New research from Berkeley says that students’ grades are suffering because of class times. More specifically, this study “3.4 million real-world learning management system logins reveal the majority of students experience social jet lag correlated with decreased performance” found that a student’s success in school relies heavily on how their class schedule matches up with their natural biological clock. For example, “night owls” perform better in afternoon classes than they do in early morning classes.

To reach these findings, the researchers looked at data from personal daily online activity profiles of 15,000 college students. They analyzed these students’ habits and then categorized them as “night owls,” “daytime finches,” and “morning larks.” The next step was to look at and compare their class times to their academic successes. Ultimately, this led them to discovering that students whose circadian rhythms didn’t match up with their class schedules received lower grades thanks to a condition called social jet lag.

People who suffer from social jet lag experience difficulties at work, school, or in other demanding areas, because their peak alertness falls outside of that scheduled time. Benjamin Smarr, the study’s co-lead author and postdoctoral fellow at UC Berkeley, explains to NeuroscienceNews how this appears to affect the students of their study: “We found that the majority of students were being jetlagged by their class times, which correlated very strongly with decreased academic performance.”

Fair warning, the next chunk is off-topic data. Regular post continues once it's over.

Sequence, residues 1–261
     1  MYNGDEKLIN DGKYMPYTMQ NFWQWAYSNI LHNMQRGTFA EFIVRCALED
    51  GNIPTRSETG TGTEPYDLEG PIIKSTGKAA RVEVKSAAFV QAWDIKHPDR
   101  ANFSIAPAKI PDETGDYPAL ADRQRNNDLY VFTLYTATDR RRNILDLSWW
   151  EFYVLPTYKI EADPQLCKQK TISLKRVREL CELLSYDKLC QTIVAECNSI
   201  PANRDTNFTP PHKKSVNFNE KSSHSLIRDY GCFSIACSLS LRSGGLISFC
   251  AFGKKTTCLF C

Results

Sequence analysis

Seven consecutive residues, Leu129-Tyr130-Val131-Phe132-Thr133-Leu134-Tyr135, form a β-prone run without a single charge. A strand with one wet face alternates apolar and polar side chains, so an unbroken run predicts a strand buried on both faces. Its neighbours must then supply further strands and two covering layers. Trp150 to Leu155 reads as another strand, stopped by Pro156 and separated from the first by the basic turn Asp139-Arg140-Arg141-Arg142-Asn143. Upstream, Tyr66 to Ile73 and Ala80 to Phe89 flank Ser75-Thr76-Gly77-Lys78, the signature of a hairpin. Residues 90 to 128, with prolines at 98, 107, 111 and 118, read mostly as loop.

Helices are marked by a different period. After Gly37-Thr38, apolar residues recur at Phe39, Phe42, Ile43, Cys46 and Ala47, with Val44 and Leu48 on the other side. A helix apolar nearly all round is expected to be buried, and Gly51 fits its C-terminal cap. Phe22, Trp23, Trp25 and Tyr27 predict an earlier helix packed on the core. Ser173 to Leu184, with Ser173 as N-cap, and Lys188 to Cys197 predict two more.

While social jet lag can have several harmful effects on its sufferers—such as an increased risk for obesity and excessive alcohol or tobacco use—there is a way to combat its impact on learning, according to the study’s co-lead author Aaron Schirmer, who told NeuroscienceNews: “Our research indicates that if a student can structure a consistent schedule in which class days resemble non-class days, they are more likely to achieve academic success.”

It’s especially important that night owls follow the researchers’ advice and model their non-class days after their class days, as they appear to be the most vulnerable victims to social jet lag. This comes as no surprise, considering night owls are known to stay up later and classes are typically held earlier. “This mismatch hits owls the hardest,” Smarr says, “but we see larks and finches taking later classes and also suffering from the mismatch.” These findings prove that different students benefit from learning at different times of the day. And there is no “one-time-fits-all solution for education,” as Smarr puts it.

UC Berkeley (2018, March 30). Poor Grades Tied to Class Times that Don’t Match Our Biological Clocks. NeuroscienceNews. Retrieved March 30, 2018 from

Smarr, B. L., & Schirmer, A. E. (2018, March 29). 3.4 million real-world learning management system logins reveal the majority of students experience social jet lag correlated with decreased performance. Retrieved March 30, 2018 from